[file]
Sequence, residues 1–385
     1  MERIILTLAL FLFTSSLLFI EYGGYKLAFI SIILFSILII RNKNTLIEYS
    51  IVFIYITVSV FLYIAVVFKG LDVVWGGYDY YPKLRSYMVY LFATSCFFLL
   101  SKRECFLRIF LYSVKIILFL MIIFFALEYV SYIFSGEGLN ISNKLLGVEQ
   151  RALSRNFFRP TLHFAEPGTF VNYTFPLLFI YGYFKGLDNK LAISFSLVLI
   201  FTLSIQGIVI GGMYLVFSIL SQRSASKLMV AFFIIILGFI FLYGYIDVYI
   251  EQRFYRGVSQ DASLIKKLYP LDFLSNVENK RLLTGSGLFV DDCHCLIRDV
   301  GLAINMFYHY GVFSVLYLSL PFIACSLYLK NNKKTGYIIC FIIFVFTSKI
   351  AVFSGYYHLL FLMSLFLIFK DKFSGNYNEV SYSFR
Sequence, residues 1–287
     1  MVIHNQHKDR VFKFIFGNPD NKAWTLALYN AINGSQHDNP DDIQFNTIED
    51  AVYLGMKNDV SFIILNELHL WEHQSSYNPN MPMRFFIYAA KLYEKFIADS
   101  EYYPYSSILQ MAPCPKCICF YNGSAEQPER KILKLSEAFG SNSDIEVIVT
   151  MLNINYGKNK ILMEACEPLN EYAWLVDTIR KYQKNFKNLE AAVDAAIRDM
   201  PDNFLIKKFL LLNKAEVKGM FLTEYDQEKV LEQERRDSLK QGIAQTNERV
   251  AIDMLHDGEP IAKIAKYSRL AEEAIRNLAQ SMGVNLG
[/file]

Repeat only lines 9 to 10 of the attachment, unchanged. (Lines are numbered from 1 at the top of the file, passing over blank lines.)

   351  AVFSGYYHLL FLMSLFLIFK DKFSGNYNEV SYSFR
Sequence, residues 1–287